A smell that brings back a long forgotten friend, an image that makes you unconsciously smile, a song that transports you to another time and place. Experiences we have in life embed themselves in our memories, painting our future expectations in broad brushstrokes of those past experiences, grouping them into categories, filing them away under comfortable headings.
RJ and I used to go quite frequently to a Turkish restaurant near our apartment in NYC. It was relatively posh, popular with the locals and always buzzing… yet somehow just a bit dark. Cloaked in heavy fabrics and rich colours it was the uptown cousin of the always-closing-down rug store located in a slightly dingier end of town.
This is what I came to expect from Turkish food. Buzzing and colourful but just a bit dark, just a bit heavy. Turkish Flavours – Recipes from a seaside cafe has changed that. Sevtap Yuce’s first cookbook delivers on the flavours and colours I expected from Turkish food, but injects a lightness and freshness which comes only from proximity to the sea and a garden full of fresh ingredients.
Born in Turkey, Sevtap moved to Australia at the age of 17. She spent a decade in Sydney, which included learning English while working in a patisserie in Sydney’s Inner West and doing a stint at Bill Grangers’s cafe, before moving to Angourie on the New South Wales North Coast and opening her restaurant, Beachwood in 1994. This book not only reflects the dishes cooked at Beachwood but those Sevtap was raised with in Turkey. The ones that bring back memories of childhood and family and a simpler time.
The essence of Turkish Flavours is simplicity. The authentic recipes use ‘fresh produce from your kitchen garden and basic ingredients from your refrigerator and pantry‘. Organised by course it’s easy to create a snack for one – or a banquet for 10 – with items found in most homes and corner veggie shops.
The methods are simple and direct while notes and variations scattered throughout provide tips and spark ideas for alterations. The introduction, while a slightly clunky read, has lovely gems peppered throughout providing a peek into the heart and memories of Sevtap, and the inspiration behind her recipes.
You quickly notice recurring themes – eggs poached in rich tomato based sauces, dips, spreads and toppings for bread, lots of vegetables and pulses, a couple different takes on olive oil and yoghourt cake, and the requisite traditional meat dishes. Maybe it’s growing up with a big, loud, extended, Mediterranean-decedent family and all the food that goes along with that experience – but it just feels comfortable and homey.
- In Brief: Turkish Flavours is a simple, straightforward book – no tricky techniques or crazy ingredients here. It provides a solid foundation of authentic Turkish food, with recipes that are open to adaptation if you are so inclined. A few of the items could have benefited from being rolled together as variations on a core recipe but there is a wide variety of dishes overall. There are as many vegetarian recipes as carnivorous ones and a dessert section that has definitely been bookmarked for later.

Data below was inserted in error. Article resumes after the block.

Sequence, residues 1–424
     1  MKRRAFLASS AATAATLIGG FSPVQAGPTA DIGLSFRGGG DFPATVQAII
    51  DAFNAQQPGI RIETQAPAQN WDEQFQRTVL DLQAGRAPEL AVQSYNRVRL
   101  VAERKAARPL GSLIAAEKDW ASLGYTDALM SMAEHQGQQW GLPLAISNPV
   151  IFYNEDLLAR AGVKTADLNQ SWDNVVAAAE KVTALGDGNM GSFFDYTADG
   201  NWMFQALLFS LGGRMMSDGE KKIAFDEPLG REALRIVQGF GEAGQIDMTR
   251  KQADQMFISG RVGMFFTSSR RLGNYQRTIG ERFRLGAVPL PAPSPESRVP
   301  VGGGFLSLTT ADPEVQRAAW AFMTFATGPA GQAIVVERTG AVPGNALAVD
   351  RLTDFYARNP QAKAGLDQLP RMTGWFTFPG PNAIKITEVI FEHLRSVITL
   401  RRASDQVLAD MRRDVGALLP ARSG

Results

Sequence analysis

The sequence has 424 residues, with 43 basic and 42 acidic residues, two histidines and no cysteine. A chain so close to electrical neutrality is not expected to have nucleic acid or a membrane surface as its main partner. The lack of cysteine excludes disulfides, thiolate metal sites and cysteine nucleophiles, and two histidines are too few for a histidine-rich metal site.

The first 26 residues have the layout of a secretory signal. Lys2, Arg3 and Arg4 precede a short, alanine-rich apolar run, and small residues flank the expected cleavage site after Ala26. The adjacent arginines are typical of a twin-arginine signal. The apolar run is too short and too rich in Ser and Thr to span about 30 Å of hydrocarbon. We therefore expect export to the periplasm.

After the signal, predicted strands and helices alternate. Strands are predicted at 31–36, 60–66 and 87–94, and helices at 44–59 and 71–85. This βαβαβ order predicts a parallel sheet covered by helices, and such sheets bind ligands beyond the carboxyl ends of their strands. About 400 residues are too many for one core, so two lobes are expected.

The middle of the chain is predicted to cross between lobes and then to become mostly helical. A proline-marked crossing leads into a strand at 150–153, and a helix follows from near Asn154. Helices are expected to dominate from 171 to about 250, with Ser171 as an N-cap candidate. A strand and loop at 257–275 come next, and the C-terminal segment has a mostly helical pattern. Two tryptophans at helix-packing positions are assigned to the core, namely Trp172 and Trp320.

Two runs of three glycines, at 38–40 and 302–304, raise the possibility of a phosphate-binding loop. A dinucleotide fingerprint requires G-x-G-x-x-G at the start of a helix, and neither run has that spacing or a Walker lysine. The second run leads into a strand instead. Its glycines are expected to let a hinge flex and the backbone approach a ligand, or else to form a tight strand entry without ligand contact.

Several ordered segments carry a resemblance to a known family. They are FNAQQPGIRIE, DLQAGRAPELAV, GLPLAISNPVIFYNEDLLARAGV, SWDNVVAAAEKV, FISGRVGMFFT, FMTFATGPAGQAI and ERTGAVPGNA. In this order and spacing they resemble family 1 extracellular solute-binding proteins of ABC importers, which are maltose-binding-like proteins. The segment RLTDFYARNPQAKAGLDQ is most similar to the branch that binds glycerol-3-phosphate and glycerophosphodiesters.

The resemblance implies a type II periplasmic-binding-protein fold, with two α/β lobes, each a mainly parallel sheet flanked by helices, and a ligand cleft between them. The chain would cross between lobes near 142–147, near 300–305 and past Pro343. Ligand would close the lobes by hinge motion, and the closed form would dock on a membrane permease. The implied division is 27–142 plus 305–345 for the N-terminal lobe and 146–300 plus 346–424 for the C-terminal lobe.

- Eye Candy: The photos above say it all. Every image is gorgeous and full of colour – the food nearly leaps off the page. The presentations are simple and match the approach of the recipes, making it feel as if any dish cooked could easily be served up on your table as beautifully as in the book.
- Navigation: Probably best that you know the basics like how to boil water and perhaps saute onion but the methods are simple and straightforward. Organisation into meal categories leaves you flipping back and forth at times but the index is robust, listing recipes by name, ingredient and type in most cases.
- Fancy-schmancyness: Basic pantry staples and common veggies make for an easy shopping list. Well except for the testicles – I told you it was authentic – but that’s a whole other story.
- Boomerang Effect: Overall, it is a book I’ll go back to for quick, fresh, no-fuss meals – or maybe just to drool over the photos. If I ever find myself just south of Byron I’ll make sure to pop into Beachwood for a meal.
Turkish Flavours by Sevtap Yuce
Hardie Grant / SBS
Published: 1 Mar 2012
Now I have a habit of buying cookbooks and food magazines, looking at them for ideas, and rarely cooking directly from them. But you can’t review a book of recipes with sticky noted pages alone. So out came the pots and pans and jars and bowls for a weekend Turkish brunch feast.
Turkish Flavours – Recipes from a seaside cafe
[UPDATE – this giveaway is now closed the winner of best comment about what single dish brings back a good memory every time you eat it? is Catherine. Congratulations and hope you enjoy the book!]
Hardie Grant were kind enough to send me this book to peruse. I liked it enough to ask if they would give one to a lucky reader and they were kind enough to oblige. Giveaway – woohoo!!!